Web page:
Every November, both novice and seasoned writers lock themselves in their attics and scribble in notebooks or pound away on keyboards for National Novel Writing Month (NaNoWriMo). Their goal: Write 50,000 words in 30 days. The prize: Bragging rights at the next wordsmith’s shindig for those industrious scribes who produce their shitty first drafts in a timely fashion. 

Since 2020 was a merciless and unforgiving year, I participated in NaNoWriMo. If I’m gonna crash and burn, I might as well do it with some style.

Turns out, lacking employment and suffering a quarantine means I had time to write. And write, I did.

I cranked out 50,000 words in 22 days. My secret? Showing up every day and plunking down 2,000 words. Though daunting, it was really manageable, especially if you write in shifts. My mystery novel, Sunshine Noir, is nearly finished, and never would have been written if it wasn’t for NaNoWriMo. 

In Summary

This was a year nobody wanted. Grocery shopping in a mask and foggy glasses, cancelling holiday plans because you don’t want to infect grandma, and listening to pundits spin politics into a global pandemic is both infuriating and sad. Doomscrolling Twitter and reading about the absolute nadir of humanity occasionally punctuated with a few bright spots made me lock my door, eat cereal on the couch, and binge-watch Netflix most of the year. Taking mental health days to get my shit together and decompress has helped.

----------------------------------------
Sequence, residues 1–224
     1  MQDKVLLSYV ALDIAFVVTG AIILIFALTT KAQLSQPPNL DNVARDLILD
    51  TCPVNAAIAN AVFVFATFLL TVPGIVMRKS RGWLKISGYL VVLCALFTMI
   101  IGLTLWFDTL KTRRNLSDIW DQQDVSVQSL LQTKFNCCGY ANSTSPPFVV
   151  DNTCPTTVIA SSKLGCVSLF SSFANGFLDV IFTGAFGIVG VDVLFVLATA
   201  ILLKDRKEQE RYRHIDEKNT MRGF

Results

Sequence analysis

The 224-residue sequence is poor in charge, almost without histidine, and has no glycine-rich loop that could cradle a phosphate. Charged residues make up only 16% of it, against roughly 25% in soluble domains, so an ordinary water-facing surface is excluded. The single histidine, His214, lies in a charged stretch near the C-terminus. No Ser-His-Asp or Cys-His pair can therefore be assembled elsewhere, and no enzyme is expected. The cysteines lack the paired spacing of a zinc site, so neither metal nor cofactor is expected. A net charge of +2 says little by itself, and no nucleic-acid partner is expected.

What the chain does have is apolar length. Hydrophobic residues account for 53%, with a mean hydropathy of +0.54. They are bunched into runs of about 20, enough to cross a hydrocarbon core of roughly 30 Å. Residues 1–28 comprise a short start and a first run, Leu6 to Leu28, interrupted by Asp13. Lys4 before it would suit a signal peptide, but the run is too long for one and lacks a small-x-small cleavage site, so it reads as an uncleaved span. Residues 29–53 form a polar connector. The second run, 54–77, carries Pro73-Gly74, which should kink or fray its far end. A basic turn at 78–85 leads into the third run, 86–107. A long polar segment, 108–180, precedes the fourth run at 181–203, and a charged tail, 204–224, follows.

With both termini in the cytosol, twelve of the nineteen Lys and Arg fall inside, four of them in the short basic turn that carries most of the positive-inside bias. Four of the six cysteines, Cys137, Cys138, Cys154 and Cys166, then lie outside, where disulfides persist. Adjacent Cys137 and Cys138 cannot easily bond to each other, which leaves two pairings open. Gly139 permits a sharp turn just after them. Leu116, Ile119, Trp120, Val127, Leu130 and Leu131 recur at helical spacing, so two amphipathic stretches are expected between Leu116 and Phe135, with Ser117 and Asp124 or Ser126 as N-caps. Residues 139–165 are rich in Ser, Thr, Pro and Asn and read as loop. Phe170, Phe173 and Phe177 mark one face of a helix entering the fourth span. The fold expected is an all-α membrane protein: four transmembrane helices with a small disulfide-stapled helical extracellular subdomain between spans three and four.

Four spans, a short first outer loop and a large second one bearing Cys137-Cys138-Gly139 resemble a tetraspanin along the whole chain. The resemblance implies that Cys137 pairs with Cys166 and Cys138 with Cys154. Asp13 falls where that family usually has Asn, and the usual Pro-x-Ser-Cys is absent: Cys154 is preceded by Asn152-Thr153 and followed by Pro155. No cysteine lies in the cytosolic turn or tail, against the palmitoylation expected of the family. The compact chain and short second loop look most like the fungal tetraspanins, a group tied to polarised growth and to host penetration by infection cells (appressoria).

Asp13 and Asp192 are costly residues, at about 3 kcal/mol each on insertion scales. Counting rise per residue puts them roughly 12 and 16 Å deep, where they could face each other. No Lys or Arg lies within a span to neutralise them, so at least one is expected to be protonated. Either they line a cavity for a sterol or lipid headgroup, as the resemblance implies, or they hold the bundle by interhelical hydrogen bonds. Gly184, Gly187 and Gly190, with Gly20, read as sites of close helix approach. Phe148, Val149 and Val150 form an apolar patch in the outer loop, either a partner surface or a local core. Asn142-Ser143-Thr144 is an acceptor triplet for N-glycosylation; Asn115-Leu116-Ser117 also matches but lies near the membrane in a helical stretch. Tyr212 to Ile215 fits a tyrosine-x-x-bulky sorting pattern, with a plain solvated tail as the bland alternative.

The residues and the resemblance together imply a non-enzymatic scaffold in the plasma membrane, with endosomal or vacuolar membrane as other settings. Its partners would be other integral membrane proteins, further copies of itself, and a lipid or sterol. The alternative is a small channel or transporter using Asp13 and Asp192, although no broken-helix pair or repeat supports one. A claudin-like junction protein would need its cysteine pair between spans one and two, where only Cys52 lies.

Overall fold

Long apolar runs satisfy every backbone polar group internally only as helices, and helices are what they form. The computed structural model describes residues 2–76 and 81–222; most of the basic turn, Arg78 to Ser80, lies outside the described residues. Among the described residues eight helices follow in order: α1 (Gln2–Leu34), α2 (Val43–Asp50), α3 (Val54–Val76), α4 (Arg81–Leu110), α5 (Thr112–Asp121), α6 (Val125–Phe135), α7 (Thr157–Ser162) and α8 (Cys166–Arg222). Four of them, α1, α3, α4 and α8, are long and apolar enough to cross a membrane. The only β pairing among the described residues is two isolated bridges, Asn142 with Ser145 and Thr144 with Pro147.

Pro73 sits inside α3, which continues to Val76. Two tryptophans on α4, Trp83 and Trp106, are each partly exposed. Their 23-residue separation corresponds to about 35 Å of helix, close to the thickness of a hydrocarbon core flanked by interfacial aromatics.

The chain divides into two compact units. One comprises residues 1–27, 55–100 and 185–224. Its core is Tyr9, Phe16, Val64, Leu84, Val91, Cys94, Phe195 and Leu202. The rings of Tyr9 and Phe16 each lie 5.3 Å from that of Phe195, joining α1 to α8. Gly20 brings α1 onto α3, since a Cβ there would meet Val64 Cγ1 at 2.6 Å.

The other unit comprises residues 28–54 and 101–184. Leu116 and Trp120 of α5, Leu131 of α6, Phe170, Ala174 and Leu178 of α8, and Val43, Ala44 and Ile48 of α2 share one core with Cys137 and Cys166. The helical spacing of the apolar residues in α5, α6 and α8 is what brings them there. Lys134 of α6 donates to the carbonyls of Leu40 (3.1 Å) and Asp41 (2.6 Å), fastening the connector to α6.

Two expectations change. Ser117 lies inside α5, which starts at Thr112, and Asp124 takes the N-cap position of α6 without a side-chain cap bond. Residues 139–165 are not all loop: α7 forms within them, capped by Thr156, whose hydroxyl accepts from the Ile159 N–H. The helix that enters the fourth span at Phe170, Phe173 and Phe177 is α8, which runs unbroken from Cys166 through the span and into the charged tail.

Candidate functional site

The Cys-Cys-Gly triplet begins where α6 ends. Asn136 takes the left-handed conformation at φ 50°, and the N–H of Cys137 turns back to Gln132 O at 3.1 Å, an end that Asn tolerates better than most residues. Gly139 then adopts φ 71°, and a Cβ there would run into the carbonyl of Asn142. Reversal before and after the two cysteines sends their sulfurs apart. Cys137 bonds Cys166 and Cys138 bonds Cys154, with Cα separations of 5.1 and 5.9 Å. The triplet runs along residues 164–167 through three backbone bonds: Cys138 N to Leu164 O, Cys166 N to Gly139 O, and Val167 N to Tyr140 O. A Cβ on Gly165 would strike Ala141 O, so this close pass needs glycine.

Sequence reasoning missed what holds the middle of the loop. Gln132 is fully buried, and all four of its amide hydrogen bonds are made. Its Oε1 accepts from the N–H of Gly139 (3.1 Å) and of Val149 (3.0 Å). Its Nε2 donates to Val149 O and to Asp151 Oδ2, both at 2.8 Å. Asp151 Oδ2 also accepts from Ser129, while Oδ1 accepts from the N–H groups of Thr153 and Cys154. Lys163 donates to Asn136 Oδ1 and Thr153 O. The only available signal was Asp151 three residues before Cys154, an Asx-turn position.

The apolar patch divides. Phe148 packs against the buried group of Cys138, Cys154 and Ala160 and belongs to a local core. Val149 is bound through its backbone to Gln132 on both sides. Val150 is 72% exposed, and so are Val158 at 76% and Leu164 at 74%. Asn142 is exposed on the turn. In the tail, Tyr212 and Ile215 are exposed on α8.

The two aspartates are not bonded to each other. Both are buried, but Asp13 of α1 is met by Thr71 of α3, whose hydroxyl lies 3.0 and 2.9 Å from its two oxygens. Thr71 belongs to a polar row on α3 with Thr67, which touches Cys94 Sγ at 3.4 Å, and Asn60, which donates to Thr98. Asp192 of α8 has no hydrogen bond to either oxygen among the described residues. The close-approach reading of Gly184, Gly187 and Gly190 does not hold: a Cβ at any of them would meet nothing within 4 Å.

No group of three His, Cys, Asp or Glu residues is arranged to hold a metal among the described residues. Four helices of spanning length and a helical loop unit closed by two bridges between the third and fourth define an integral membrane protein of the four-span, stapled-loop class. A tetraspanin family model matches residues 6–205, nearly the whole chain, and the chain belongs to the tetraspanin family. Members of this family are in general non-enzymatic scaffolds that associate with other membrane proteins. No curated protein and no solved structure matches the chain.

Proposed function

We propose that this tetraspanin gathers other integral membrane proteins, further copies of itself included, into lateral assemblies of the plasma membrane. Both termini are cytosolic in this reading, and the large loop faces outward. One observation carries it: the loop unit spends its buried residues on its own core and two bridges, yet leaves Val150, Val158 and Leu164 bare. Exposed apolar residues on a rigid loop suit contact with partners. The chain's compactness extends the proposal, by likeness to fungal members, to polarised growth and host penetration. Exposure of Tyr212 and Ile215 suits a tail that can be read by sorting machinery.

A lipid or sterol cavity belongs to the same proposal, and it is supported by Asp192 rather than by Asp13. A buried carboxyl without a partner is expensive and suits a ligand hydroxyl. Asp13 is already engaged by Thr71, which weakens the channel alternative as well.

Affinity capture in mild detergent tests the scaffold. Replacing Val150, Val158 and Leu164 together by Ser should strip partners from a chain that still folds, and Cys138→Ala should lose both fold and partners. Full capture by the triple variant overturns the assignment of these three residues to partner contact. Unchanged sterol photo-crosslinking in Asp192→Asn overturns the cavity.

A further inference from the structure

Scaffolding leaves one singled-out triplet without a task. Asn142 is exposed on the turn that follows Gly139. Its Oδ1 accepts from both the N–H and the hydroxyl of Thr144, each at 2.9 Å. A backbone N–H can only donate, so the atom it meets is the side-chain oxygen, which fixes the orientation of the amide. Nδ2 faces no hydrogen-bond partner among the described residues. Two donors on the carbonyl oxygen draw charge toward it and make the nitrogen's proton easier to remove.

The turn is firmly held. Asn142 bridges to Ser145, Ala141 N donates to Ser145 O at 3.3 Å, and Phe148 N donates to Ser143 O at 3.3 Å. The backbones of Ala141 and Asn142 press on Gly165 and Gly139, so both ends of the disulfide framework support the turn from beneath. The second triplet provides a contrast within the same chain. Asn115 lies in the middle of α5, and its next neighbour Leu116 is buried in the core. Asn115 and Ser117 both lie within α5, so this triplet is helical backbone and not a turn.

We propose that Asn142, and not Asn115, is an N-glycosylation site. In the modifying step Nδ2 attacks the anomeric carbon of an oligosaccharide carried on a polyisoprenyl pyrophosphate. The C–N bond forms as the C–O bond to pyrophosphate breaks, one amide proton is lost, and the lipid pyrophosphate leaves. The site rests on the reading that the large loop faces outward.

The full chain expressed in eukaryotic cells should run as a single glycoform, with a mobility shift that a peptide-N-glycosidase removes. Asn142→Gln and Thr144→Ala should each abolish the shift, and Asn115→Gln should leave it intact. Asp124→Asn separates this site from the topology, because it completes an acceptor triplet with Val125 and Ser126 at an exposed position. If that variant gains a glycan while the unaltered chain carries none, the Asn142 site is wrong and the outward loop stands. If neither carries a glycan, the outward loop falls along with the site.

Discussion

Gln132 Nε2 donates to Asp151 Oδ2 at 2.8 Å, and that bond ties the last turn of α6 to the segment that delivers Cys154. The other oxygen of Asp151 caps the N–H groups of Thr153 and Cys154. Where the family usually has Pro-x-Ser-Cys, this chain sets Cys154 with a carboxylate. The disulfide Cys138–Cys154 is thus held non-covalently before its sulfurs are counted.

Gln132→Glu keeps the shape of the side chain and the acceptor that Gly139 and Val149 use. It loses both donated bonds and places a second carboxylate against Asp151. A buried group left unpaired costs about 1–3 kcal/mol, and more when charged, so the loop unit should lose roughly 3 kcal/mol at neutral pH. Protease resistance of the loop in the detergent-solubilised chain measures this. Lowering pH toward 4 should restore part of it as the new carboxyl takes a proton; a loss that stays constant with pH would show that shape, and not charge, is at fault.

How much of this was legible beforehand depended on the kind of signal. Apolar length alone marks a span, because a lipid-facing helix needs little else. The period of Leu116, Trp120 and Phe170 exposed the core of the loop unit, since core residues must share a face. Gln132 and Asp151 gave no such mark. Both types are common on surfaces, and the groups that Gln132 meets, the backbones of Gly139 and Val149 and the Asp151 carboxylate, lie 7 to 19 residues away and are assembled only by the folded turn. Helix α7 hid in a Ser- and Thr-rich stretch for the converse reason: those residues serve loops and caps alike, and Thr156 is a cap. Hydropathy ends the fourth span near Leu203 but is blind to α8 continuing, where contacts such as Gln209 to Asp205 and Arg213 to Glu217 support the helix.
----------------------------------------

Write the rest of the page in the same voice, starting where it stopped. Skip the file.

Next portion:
When I wasn’t trapped in my existentialist crisis, I wrote. This was the most productive year I’ve had as a writer. Your mileage will probably vary. “Keep Writing. Don’t Stop. Don’t Get Complacent” droned in my brain like a non-stop mantra.

Not writing meant being present in the moment, and the moment sucked. So I wrote. I got the words on the page. I banished all negativity and self-sabotage and got to work. Words on the page. That’s all it ever is. Year after year, more stories, more characters, more words. 

Maybe 2021 will bring better news.

I sure hope so. 

A scribe’s life is one replete with uncertainty and constant rejection. But a writer must produce. They must stare into the eye of the storm and rip the words from the marrow of existence, the universe’s gritty fundament and etheric pulse that beats through the cosmos. 

And when bewildered writers lie bloodied and beaten and inches from expiring, they’ll moan, “I remember how sucky 2020 was, but at least my shitty first draft is done.”